Every day millions of plastic straws are used once and disregarded without a single thought to where they will end up. In 2017, David Attenborough’s Blue Planet II series highlighted the reality of the impact that plastic has on our environment, especially in our oceans.
The BBC series revealed that eight million tonnes of plastic end up in the ocean each year and is having detrimental effects on the sea life below the surface. The story that shocked its 11 million viewers showed a whale carrying its dead newborn around for days, suggesting that it was toxic milk that was the cause of its death.
Since then, a wave of images and videos have been invading every social media platform featuring seas of plastic covering the ocean, generating widespread awareness and making people think a little more about their waste.A study conducted by scientists at Ghent University in Belgium revealed that shellfish lovers are eating up to 11,000 plastic fragments in their seafood each year.
But it isn’t just appearing in our oceans, the River Tame in Denton, Manchester has recorded 517,000 particles of microplastic per m2- the highest recorded anywhere in the world. According to Nature Geoscience, higher concentrations of microplastic are found in river and lake sediments, compared to beaches.
On average around 400 million tonnes of plastic is produced annually. It is estimated that 40 per cent of it is disposed of after a single use, from straws to cutlery and bottles; with straws being the fifth most washed up rubbish on our beaches. It has taken decades for people to begin to realise the consequences of this – until now.
So far this year, discussions in the UK have begun to reduce the consumption of unnecessary plastic and ban single-use plastic items, including plastic straws.
In January, the Prime Minister, Theresa May, pledged to eradicate all excessive plastic within a 25-year time frame. Environment Secretary Michael Gove made a statement last month expressing that the government are currently exploring the ban of plastic straws.
A spokesperson for Defra, the Department for Environment, Food and Rural Affairs, also said: “We are committed through our 25-year environment plan to eliminating avoidable plastic altogether by the end of 2042 so we can leave our planet in a better state than we found it. We are exploring a range of options, and have already introduced a world-leading ban on microbeads, and set out plans to extend the 5p plastic bag charge, improve recycling rates and explore plastic free aisles in supermarkets.”
Government figures also revealed that we are still recycling less than 50 per cent of our waste and that the amount we recycle has in fact declined since 2014, when 44.9 per cent of our waste was recycled compared to 44.6 per cent in 2016.
Although various options are being discussed within parliament, several restaurant chains, bars and cafes are moving faster by removing plastic straws from their venues – from Costa Coffee to JD Weatherspoon’s, Deltic Group and Carluccio’s to name a few.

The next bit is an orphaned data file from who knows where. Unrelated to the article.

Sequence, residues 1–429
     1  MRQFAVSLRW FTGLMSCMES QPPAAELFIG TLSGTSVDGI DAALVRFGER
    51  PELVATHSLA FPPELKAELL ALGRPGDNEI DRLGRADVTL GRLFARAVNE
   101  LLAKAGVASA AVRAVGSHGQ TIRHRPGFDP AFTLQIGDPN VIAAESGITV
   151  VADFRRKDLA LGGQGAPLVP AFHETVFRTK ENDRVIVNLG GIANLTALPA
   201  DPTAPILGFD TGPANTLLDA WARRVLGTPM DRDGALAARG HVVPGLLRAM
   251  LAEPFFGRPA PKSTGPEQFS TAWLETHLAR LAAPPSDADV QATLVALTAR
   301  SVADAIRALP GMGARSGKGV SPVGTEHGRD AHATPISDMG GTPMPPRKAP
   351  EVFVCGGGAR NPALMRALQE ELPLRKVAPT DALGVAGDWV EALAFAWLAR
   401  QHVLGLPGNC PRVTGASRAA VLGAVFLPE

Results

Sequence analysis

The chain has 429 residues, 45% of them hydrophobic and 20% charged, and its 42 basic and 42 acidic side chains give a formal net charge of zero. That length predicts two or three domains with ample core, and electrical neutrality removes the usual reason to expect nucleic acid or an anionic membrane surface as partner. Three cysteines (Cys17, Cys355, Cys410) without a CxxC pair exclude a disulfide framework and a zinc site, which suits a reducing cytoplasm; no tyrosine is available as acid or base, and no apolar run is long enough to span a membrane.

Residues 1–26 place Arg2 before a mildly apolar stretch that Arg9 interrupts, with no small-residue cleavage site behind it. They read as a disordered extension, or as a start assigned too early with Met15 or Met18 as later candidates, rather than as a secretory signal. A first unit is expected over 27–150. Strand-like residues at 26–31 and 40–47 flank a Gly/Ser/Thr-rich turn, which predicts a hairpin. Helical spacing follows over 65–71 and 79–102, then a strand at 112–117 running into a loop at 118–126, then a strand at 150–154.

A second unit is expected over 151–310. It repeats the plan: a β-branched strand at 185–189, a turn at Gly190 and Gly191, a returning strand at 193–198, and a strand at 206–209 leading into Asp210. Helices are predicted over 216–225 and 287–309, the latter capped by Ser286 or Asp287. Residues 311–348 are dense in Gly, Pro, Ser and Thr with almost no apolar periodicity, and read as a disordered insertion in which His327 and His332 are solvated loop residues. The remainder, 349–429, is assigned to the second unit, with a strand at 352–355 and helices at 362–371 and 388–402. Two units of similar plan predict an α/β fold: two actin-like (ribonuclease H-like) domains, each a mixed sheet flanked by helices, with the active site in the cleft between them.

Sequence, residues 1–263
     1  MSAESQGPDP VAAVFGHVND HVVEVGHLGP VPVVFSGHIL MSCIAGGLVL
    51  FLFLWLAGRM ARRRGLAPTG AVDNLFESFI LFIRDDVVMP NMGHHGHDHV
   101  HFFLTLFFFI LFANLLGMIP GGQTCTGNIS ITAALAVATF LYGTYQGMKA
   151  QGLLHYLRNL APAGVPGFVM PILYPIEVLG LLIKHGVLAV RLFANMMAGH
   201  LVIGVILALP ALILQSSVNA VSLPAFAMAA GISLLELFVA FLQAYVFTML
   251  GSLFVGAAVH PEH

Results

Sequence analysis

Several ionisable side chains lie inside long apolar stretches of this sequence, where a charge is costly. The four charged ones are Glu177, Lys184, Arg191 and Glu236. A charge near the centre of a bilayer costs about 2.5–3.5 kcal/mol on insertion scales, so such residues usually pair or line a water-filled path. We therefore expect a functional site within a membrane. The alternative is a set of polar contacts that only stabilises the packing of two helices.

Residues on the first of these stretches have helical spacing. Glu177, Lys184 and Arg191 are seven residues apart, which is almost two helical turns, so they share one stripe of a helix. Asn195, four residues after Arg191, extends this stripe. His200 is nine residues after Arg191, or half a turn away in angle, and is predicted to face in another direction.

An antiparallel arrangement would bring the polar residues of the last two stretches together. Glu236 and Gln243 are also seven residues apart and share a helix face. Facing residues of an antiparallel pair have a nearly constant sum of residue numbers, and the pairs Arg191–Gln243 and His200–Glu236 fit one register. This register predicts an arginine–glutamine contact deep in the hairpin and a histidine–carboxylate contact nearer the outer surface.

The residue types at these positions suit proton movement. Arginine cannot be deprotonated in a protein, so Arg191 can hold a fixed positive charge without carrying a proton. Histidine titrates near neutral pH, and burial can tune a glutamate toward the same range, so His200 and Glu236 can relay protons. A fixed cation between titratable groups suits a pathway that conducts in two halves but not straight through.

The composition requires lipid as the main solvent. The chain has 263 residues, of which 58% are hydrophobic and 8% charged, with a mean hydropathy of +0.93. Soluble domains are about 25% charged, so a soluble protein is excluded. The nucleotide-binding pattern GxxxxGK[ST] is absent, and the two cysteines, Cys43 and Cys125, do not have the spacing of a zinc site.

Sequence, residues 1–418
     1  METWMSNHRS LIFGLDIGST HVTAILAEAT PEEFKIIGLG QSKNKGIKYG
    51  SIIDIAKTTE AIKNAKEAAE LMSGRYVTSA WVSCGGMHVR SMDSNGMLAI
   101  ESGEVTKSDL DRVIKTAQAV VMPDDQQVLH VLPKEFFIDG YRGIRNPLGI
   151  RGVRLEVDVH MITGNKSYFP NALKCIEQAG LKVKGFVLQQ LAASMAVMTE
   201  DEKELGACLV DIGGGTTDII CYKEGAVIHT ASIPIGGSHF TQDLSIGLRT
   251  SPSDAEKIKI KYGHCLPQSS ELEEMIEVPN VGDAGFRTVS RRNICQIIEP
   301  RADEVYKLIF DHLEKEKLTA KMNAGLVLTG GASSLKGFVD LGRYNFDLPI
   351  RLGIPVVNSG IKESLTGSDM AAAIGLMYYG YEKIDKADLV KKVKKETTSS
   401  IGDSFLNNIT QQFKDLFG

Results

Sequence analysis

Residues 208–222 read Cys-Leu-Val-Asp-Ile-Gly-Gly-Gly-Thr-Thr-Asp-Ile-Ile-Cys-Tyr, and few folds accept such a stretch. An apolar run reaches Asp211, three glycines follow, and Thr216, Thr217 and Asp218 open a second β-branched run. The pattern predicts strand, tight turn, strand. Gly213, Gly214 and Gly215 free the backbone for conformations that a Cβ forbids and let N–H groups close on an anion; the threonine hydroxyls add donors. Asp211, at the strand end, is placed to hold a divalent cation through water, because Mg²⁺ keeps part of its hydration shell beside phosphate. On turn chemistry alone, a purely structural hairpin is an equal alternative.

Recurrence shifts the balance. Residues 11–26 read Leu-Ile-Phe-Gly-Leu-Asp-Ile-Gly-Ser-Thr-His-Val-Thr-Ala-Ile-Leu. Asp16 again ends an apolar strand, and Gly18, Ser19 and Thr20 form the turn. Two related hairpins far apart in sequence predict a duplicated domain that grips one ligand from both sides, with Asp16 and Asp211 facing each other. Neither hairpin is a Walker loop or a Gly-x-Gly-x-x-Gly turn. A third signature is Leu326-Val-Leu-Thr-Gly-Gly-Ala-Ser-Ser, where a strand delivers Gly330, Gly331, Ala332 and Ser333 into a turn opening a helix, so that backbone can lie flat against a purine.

Ku Bar, one of London’s gay bars has also committed to making a change by transitioning their current plastic straws to more environmentally friendly paper and biodegradable alternatives.
Peter Friscuolo, manager of the Light Lounge cocktail bar, one of the five venues owned by Ku Bar revealed that they use around 300,000 plastic straws a year in their 100-person capacity venue: “We use straws partly for decorative purposes for most of our cocktails, and sometimes people don’t even use or want them. By opting for paper versions, the decorative function still exists through the range of colours available, and at the same time we are still promoting a cleaner environment,” he said.
“It’s crazy to see how such a small thing can create so much damage to our planet, especially in the ocean. I think that some companies are still reluctant as paper straws cost twice as much as plastic ones, but we can’t put a price on saving the environment. Instead of waiting for the government to enforce the ban on plastic straws, we are making what changes we can now to make a difference.”
Wahaca, a Mexican food restaurant chain disclosed that in 2017 alone they used 1.9 million straws and aim at doing more than just changing their plastic straws in a bid to be as environmentally efficient as possible.
A representative of Wahaca told Artefact that: “Last year, we started the fight against plastic with the launch of our Wahaca Test Kitchen in Shoreditch, London, which trialled on a no-straw policy. Following the success of that and great feedback from our customers, we have chosen to roll out this initiative nationwide from 2018.”
Not only have they opted for biodegradable, compostable straws that are approximately four times the cost of plastic straws, but they also train their team to work as sustainably as possible. “In 2016 Wahaca was certified as having a net zero carbon footprint. When it comes to sustainability and single-use plastics, avoiding usage in the first place is the best thing you can do.”
It seems that businesses are taking the moral high ground and changing their plastic using ways without any force from the government. But if the official ban on single-use plastic isn’t going to be introduced for another 25 years, with two per cent of our plastic waste headed into the oceans each year, will its effects already be irreversible?
Featured image via Pxhere CC